Words of Wisdom for the Class of 2019

By Lesly Luna

  On move-in day your loved ones probably flooded you with advice for this new chapter in your life. A chapter with augmented responsibility and self-accountability in which we are expected to be adults (but really aren’t). Congratulations on making it this far, and I hope you make the most out of the exciting years and memories ahead of you in college.

   The following is a collection of bits of advice concerning survival of your first year here at Salem:

  1. Focus on academics. While college is a fun experience, you must be dedicated to doing your coursework to succeed. It is important to know yourself and develop healthy study habits according to your personal preference. For example, it is likely not a good idea to study on your bed, as it may lead to laziness and excessive comfort so find a place on campus that is right for you with the least amount of distractions. Also, if you’re not a morning person, 8:00 A.M. classes are probably not for you; you have the freedom to choose your own schedule, so it is best to choose wisely.
  2. College ≠ high school. Many students make the mistake of thinking they can get by like they did throughout former schooling. Good grades may have come naturally for you in high school, but you will have to earn them in college. If you slack off your first semester, your GPA will surely take a hit and that is not something that is easy to recover. Don’t forget the advice Dean Calovini pointed out during orientation: “Attending every class is important.” It may seem like a good idea to sleep through a morning class, but missing out on important exam points and attendance credit isn’t worth a few extra winks of sleep.
  3. On procrastination: Organization is key. Professors often make their assignment deadlines known at the beginning of the semester and expect you to be prepared. The most helpful means of preparation are planners, a visible calendar in your dorm room, several alarms, or an app on your phone—whatever it takes for you to manage your time and prioritize activities, all while adhering to deadlines without having excessive caffeine or unpleasant all-nighters.
  4. Use available resources. Don’t be afraid or shy away from asking for help if you have questions. Resident Assistants and professors are always willing to be there for you. If  you are having difficulties with a subject, tutors and the writing center are available to you free of charge. If you need additional help with research, the library has research guides willing to assist you as well. In your college years, networking is just as important as sitting in a classroom; after all, what you learn will be eventually applied outside the classroom. If you need extra help pursuing jobs or internships, the Career and Professional Development office hosts several events throughout the year and are always willing to help to prepare you to find the one that is your right fit.
  5. Explore Winston-Salem. Discover the city and school’s rich history and traditions, and definitely take advantage of what this city has to offer. If you are interested in music, arts, volunteering or trying new foods, there are events almost every weekend so you will always have something to do. If you are from the city, branch out and try something new—there is something here for everyone. (Stay tuned for free or low-cost local events updated weekly at thesalemite.wordpress.com).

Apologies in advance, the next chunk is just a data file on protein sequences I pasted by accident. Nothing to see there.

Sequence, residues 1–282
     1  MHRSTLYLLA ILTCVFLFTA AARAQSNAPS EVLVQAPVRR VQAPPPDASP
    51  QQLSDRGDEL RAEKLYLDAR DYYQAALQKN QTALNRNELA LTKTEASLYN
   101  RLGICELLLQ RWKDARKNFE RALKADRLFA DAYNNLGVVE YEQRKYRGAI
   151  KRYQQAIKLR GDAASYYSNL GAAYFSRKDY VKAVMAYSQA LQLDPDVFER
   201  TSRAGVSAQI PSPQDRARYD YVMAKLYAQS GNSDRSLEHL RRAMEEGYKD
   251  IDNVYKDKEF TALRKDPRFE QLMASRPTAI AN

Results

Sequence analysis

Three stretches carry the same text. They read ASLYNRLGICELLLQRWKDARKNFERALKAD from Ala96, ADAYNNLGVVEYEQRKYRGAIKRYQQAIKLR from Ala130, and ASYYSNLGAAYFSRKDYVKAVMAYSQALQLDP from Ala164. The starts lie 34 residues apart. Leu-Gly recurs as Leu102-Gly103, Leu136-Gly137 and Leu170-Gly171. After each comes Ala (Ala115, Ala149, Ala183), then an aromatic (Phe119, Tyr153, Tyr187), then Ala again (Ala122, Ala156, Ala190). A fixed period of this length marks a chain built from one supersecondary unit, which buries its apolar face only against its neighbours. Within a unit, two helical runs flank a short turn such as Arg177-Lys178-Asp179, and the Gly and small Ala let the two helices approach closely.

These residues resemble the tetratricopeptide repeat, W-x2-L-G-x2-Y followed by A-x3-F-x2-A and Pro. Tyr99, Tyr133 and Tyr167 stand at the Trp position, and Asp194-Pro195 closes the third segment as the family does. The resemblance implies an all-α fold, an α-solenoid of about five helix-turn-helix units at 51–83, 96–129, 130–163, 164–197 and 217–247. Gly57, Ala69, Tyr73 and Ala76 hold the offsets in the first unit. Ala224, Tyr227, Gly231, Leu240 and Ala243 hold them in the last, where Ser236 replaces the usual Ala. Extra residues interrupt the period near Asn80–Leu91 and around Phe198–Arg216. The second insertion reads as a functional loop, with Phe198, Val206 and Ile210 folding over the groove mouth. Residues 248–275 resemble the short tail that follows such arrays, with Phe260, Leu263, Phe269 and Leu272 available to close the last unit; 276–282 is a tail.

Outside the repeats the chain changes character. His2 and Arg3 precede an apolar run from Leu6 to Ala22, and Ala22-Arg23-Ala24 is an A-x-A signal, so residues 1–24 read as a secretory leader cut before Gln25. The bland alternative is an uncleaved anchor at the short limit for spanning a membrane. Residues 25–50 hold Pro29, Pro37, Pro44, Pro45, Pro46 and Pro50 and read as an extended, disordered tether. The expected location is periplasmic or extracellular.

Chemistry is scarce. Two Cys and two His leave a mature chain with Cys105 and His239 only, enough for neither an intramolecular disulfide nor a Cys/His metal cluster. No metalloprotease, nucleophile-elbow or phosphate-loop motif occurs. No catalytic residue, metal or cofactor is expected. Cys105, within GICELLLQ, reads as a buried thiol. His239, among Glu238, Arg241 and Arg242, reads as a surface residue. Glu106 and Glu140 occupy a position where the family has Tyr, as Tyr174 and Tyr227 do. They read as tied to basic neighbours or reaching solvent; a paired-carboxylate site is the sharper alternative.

6. Keep an open mind. You may be wondering why there are individuals around campus who sport seventeenth-century fashion on the daily or why some juniors admitted their summer-long admiration for you before asking you on big/little dates. For many people, first year can be a shocking experience as students from different walks of life cohabitate in this institution; don’t exclude them just because their viewpoints are not the same as yours. Discomfort leads to learning when combined with an open mind. College should be a learning experience and making new, diverse friends can help you grow as individuals. Most importantly, don’t be afraid to be yourself.
  7. Call your mom. As cliché as it may sound, it is vital to remember your roots. Whether you like it or not, your hometown is the place where you’ve made the most memories. It’s helped to shape you into the person you are today.  Keep in touch with your friends from home and contact your family on occasion too. They may be able to empathize with certain things you can reach out for during your transition (as a support group), and will certainly appreciate acknowledgment from you in your rapidly demanding college life. In the case you need to talk to professionals, counselors are also available to you at no cost through Health and Counseling Services located in Clewell basement.
  8. Get involved. Salem offers many different sports, clubs and organizations in which you can meet new people and develop lasting relationships. All extracurriculars are listed in the handbook and if you don’t find one that adheres to your interests, you can always start your own. Another way of finding other students who share similar interests is by joining campus Facebook groups, in which you can also find out about different on and off campus events as well as buy or sell items you might need throughout the year.
  9. Find a balance. College includes a social life and an academic component, but in order to succeed, it is best to avoid tipping the balance too far in either direction. First year for most people means more freedom but also just as much an increase in responsibility. Make sure you make the most out of your college experience, and remember that you are not alone in this journey.

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